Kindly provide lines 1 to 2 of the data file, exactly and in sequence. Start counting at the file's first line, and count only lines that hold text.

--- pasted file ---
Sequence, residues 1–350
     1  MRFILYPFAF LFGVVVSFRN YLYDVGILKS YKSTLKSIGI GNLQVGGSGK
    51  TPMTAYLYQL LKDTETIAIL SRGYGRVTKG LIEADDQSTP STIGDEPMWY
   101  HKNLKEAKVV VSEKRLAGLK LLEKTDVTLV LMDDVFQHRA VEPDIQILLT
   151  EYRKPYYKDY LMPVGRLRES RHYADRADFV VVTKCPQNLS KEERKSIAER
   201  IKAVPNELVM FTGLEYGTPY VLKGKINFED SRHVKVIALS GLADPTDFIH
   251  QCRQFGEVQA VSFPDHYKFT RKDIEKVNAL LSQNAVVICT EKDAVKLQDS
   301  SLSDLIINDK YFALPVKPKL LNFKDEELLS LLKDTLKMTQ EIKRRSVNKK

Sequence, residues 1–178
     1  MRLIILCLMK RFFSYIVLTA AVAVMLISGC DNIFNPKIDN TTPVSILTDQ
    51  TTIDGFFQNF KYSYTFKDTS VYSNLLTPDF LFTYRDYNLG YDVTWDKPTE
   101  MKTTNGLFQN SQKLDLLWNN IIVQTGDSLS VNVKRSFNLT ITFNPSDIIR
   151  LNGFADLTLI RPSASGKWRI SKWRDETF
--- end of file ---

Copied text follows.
Sequence, residues 1–350
     1  MRFILYPFAF LFGVVVSFRN YLYDVGILKS YKSTLKSIGI GNLQVGGSGK